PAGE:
During the weeks of conference preparation, Ernst courted me to become head of epidemiological studies for his foundation, as, I later learned, he had courted Barry Lewis, Peter Peacock, and several others along the way. I agreed to look over the opportunity on return from a speaking engagement in Paris later in the year. For that trip, the French had arranged as a special honorarium my return passage Paris-New York by Concorde. I loved every minute of the adventure: the elegant waiting room and flight accessories at Charles DeGaulle airport, the exotic if cramped quarters in the sleek craft, my gros bourgeois and celebrity flight companions, the strange noises and sensations and abrupt motions as we taxied and took off and climbed to 60,000 feet into a deep purple sky, and the rapid tumbling of the electronic airspeed indicator on the bulkhead directly in front of my seat. It quickly reached Mach 1, breaking the sound barrier without drama, then slowly and steadily moved to and beyond Mach 2, finally reaching the 2.2 cruising speed. This was followed by lunch of a delicious Chateaubriand and a premier cru Bordeaux. Surprisingly soon came the stiff and graceless descent of Concorde into the airspace of JFK airport.
On land, there followed a comedy of errors. After the incredible 3.5 hour transatlantic flight from Paris, I waited 2 hours before my chauffeur, who had met the British Air Concorde from London rather than the Air France flight from Paris, discovered her error and located me pacing the floor in the Air France terminal.
I hold two clear images from my subsequent weekend in Wynder’s palatial estate along the Hudson in upstate New York: the somber black stone and forbidding face of his dark chateau deep in the lush, dank woods of Valhalla, and the bedroom wall display of photo portraits of his women companions over the years. These included, as I recall, the film star, Kim Novak. Perhaps 20 or so frames were crowned by a portrait of the castle’s current lady-in waiting, waiting!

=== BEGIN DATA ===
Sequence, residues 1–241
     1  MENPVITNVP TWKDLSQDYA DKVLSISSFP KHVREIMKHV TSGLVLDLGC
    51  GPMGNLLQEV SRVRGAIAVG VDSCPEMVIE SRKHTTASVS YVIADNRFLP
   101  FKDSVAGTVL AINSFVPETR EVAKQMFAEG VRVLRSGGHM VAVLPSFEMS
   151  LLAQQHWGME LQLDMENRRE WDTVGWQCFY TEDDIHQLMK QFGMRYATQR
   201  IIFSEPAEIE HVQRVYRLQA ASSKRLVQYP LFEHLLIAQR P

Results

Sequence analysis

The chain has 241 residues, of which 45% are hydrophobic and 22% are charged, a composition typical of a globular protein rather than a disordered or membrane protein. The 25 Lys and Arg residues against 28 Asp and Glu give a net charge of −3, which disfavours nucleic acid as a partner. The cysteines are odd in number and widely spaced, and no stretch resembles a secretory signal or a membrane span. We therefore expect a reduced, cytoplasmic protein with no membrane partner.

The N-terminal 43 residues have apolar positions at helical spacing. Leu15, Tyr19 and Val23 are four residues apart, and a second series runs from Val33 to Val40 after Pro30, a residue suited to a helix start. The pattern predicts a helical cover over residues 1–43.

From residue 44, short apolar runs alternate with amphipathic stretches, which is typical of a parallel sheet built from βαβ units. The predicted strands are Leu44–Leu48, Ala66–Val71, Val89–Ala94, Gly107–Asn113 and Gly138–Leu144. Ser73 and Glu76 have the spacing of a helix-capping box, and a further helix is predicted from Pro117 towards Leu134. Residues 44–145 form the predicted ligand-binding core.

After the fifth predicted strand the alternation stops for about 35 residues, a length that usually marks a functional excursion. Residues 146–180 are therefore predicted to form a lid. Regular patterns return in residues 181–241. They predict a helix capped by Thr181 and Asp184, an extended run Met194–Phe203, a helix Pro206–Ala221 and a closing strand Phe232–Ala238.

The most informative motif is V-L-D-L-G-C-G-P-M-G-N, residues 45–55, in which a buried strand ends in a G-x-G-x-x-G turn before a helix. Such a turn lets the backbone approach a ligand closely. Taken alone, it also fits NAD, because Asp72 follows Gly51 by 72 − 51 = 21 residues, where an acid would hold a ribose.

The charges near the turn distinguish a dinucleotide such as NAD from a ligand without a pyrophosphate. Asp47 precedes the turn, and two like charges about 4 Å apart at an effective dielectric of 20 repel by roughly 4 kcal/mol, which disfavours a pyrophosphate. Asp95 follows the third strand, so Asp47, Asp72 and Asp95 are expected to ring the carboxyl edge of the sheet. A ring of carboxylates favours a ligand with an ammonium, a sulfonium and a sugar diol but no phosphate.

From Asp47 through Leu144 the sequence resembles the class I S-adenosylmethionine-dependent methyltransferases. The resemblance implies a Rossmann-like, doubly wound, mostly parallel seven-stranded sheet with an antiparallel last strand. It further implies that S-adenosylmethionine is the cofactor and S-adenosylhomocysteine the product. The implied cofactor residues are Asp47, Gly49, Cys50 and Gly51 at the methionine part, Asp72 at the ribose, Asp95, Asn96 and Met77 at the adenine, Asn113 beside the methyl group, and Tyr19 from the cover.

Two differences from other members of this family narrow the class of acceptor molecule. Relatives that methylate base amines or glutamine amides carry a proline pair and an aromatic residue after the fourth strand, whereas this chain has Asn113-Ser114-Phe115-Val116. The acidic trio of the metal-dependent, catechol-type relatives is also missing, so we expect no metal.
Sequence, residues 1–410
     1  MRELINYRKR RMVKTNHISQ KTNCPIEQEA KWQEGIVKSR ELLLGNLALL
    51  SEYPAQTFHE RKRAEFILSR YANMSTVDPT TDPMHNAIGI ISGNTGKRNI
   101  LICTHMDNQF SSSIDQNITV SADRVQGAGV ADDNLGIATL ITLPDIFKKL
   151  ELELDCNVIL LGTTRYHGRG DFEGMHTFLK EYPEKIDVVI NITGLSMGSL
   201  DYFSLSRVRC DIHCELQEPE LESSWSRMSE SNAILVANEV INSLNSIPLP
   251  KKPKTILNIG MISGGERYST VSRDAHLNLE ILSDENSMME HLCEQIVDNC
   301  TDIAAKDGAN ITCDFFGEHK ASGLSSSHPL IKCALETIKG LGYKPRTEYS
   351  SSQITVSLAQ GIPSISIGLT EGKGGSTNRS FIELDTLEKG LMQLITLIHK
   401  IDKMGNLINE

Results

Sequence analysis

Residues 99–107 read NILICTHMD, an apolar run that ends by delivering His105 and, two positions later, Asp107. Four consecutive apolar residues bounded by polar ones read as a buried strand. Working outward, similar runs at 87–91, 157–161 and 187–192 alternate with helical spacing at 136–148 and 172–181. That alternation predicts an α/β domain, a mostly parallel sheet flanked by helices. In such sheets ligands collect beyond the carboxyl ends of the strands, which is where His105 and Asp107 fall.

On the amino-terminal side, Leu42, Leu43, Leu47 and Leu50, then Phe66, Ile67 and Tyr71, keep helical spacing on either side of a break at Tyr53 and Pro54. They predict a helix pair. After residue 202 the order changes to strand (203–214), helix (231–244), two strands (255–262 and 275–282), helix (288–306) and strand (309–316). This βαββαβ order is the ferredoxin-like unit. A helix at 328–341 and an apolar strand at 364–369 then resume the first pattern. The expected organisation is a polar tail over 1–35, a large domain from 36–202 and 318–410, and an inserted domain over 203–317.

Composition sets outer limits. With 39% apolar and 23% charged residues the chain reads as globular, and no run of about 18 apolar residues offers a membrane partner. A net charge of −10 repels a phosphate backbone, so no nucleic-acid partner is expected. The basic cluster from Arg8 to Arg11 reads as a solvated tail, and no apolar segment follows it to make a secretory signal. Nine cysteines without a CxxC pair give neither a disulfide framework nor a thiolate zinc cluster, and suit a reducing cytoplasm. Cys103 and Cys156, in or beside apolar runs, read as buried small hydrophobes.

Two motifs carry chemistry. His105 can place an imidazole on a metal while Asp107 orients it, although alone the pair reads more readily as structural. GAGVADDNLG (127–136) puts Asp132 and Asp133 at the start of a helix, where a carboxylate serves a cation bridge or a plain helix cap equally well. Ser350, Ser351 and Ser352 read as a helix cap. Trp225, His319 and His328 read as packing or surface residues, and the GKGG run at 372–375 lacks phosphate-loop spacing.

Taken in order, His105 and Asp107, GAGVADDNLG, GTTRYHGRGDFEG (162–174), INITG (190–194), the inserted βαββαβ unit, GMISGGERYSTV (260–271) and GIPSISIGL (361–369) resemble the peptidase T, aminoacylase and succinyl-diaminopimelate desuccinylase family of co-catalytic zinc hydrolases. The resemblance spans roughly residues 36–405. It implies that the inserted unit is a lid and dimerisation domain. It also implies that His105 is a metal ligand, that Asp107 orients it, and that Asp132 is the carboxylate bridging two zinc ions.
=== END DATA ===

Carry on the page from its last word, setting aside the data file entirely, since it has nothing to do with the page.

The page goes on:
Wynder was so pleased with our combined three-discipline conference that he organized another on ideal blood lipid values for youth. There Wynder and I agreed to disagree because of his terms. He insisted beforehand that the conference call for universal screening of children’s blood cholesterol values. This I could not accept, at least not a priori. So Gerald Berenson chaired the conference.
I greatly admired Wynder’s flow of ideas, his attractive school-based health promotion programs, and his urbane sophistication and facile dealings with the rich and famous. I sensed, however, that I would be uncomfortable working in his glittery world of celebrity and high finance.
Following Wynder’s citation of Ancel Keys and me in the Dana Award for Preventive Medicine in the late 1970s, I lost touch with him. He was a bright, colorful, and enterprising investigator who, in the long run, did much good, both alone and through his institution. I was saddened when, some years after our collaboration ceased, he phoned to ask if I would nominate him for the prestigious General Motors Award, which I was pleased to do. He clearly deserved greater acknowledgement of his pioneering research and for the first documented report on cigarettes and lung cancer. But at the time of his almost plaintive phone call it occurred to me that, “at a certain age, one might allow oneself a little pleasure in hearing nice things said about one, but neither need nor seek to hear them.” (see True Stories, “A Certain Age,” below).